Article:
Neque enim temere praeter mercatores illo adit quisquam, neque eis ipsis quidquam praeter oram maritimam atque eas regiones quae sunt contra Gallias notum est. itaque vocatis ad se undique mercatoribus neque quanta esset insulae magnitudo, neque quae aut quantae nationes incolerent, neque quem usum belli haberent aut quibus institutis uterentur, neque qui essent ad maiorum navium multitudinem idonei portus, reperire poterat.
(Caesar, De Bello Gallico 4.20)
In fact, nobody except traders journey thither* without good cause; and even traders know nothing except the sea-coast and the districts opposite Gaul. Therefore, although he** summoned to his quarters traders from all part, he could discover neither the size of the island, nor the number or the strength of the tribes inhabiting it, nor their manner of warfare, nor the ordinances they observed, nor the harbours suitable for a number of large ships. (tr. Henry John Edwards)
Dum paucos dies ad Vesontionem rei frumentariae commeatusque causa moratur, ex percontatione nostrorum vocibusque Gallorum ac mercatorum, qui ingenti magnitudine corporum Germanos, incredibili virtute atque exercitatione in armis esse praedicabant (saepe numero sese cum his congressos ne vultum quidem atque aciem oculorum dicebant ferre potuisse), tantus subito timor omnem exercitum occupavit ut non mediocriter omnium mentes animosque perturbaret. hic primum ortus est a tribunis militum, praefectis, reliquisque qui ex urbe amicitiae causa Caesarem secuti non magnum in re militari usum habebant; quorum alius alia causa inlata, quam sibi ad proficiscendum necessariam esse diceret, petebat ut eius voluntate discedere liceret; non nulli pudore adducti, ut timoris suspicionem vitarent, remanebant. hi neque vultum fingere neque interdum lacrimas tenere poterant: abditi in tabernaculis aut suum fatum querebantur aut cum familiaribus suis commune periculum miserabantur. vulgo totis castris testamenta obsignabantur.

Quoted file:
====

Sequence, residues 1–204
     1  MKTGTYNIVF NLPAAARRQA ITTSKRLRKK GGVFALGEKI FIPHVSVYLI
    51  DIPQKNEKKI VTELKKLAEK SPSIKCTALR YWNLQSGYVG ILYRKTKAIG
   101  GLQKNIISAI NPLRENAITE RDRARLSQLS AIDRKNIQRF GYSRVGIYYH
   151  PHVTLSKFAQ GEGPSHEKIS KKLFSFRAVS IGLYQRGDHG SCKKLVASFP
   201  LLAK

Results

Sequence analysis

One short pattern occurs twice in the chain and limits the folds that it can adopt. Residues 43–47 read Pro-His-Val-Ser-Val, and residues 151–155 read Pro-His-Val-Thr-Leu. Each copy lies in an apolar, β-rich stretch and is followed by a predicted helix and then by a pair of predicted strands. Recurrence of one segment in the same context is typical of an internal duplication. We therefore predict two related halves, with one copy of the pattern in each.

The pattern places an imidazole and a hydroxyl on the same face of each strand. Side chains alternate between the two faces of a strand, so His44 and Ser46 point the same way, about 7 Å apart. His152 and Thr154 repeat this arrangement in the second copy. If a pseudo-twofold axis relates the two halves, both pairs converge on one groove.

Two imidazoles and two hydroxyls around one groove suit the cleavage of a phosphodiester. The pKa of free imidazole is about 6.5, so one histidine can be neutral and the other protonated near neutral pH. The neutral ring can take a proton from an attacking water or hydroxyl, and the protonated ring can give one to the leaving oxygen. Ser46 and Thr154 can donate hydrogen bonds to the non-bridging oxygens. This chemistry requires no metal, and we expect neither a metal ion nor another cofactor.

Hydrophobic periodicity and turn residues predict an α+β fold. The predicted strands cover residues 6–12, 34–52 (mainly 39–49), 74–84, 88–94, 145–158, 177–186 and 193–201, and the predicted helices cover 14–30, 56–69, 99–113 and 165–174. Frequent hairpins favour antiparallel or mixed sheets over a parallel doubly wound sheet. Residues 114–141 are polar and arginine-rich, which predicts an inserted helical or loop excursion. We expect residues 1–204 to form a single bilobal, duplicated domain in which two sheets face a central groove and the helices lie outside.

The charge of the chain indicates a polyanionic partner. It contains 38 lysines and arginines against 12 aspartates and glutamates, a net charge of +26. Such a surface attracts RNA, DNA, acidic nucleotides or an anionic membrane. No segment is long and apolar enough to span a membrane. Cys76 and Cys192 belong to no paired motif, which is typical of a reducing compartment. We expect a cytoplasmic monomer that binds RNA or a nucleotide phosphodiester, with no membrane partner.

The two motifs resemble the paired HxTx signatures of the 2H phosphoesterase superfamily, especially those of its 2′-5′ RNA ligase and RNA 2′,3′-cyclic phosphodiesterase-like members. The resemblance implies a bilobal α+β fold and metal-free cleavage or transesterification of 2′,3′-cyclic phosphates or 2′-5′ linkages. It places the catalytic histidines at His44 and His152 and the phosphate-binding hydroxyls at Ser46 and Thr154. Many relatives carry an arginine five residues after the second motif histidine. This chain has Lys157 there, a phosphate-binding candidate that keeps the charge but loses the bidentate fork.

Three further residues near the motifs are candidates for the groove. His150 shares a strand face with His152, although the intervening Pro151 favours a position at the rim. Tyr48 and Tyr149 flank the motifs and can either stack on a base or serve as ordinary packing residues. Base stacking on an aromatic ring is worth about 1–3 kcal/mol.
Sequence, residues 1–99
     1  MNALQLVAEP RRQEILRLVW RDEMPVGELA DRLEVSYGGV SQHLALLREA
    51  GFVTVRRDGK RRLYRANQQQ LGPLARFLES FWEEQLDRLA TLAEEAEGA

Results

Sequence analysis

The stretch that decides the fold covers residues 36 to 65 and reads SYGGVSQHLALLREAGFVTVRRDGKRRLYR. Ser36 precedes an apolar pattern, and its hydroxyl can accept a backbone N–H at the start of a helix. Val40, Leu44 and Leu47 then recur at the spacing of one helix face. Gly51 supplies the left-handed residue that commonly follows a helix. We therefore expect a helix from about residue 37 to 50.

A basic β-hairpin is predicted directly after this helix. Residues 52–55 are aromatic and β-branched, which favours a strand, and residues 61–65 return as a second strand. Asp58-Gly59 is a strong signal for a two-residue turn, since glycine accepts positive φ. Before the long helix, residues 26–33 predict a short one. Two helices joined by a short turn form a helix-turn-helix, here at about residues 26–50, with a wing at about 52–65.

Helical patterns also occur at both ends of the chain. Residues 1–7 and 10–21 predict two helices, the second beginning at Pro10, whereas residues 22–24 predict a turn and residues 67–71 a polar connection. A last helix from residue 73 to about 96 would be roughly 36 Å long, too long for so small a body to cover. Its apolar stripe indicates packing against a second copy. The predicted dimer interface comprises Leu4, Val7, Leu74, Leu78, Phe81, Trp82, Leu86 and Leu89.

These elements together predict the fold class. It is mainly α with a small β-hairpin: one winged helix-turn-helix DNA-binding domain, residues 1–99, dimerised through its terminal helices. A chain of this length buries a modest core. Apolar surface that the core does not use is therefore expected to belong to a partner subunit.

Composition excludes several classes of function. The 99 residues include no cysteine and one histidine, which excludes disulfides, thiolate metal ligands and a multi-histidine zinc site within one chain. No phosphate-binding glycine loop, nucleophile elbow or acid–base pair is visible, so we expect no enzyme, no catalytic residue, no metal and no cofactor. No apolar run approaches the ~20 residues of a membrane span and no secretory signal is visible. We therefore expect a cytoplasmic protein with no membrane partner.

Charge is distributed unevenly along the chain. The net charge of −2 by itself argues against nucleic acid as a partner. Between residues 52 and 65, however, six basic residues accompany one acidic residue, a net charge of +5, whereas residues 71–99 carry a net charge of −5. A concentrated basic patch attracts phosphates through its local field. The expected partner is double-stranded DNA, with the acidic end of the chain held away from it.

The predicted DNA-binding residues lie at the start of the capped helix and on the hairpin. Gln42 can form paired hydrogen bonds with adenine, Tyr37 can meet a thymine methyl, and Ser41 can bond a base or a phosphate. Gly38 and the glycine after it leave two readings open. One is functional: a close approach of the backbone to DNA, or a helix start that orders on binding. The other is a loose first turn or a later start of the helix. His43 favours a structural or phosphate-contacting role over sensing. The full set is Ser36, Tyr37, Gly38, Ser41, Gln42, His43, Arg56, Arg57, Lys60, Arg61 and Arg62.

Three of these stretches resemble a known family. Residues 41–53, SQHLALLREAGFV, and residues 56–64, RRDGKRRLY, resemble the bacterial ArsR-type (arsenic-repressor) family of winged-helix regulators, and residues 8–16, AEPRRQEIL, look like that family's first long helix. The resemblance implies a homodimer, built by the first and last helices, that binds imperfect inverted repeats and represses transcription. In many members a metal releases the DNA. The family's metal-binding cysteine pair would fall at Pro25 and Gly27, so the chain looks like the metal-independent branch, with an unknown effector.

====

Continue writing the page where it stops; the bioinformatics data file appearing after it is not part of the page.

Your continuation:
(Caesar, De Bello Gallico 1.39.1-5)
During a few days’ halt near Vesontio for the provision of corn and other supplies, a panic arose from inquiries made by our troops and remarks uttered by Gauls and traders, who affirmed that the Germans were men of a mighty frame and an incredible valour and skill at arms; for they themselves (so they said) at meetings with the Germans had often been unable even to endure their look and the keenness of their eyes. So great was the panic, and p61so suddenly did it seize upon all the army, that it affected in serious fashion the intelligence and the courage of all ranks. It began first with the tribunes, the contingent-commanders,3 and the others who had followed Caesar from Rome to court his friendship, without any great experience in warfare. Advancing various reasons which, according to their own statement, obliged them to depart, some sought his permission to leave; some were compelled by very shame to stay, to avoid the suspicion of cowardice. They were unable to disguise their looks, or even at times to restrain their tears; they hid in their tents to complain of their own fate, or to lament in company with their friends the common danger. Everywhere throughout the camp there was signing of wills. (tr. Henry John Edwards)
Gallorum eadem atque Belgarum oppugnatio est haec. ubi circumiecta multitudine hominum totis moenibus undique in murum lapides iaci coepti sunt murusque defensoribus nudatus est, testudine facta portas succedunt murumque subruunt. quod tum facile fiebat. nam cum tanta multitudo lapides ac tela conicerent, in muro consistendi potestas erat nulli.
(Caesar, DBG 2.6.2-3)
The Gauls and the Belgae use one method of attack. A host of men is set all round the ramparts, and when a rain of stones from all sides upon the wall has begun, and the wall is stripped of defenders, the attackers form a “tortoise”, move up to the gates, and undercut the wall. This was easily done on the present occasion; for when so vast a host hurled stones and darts, no man might stand firm on the wall.
(tr. H.J. Edwards)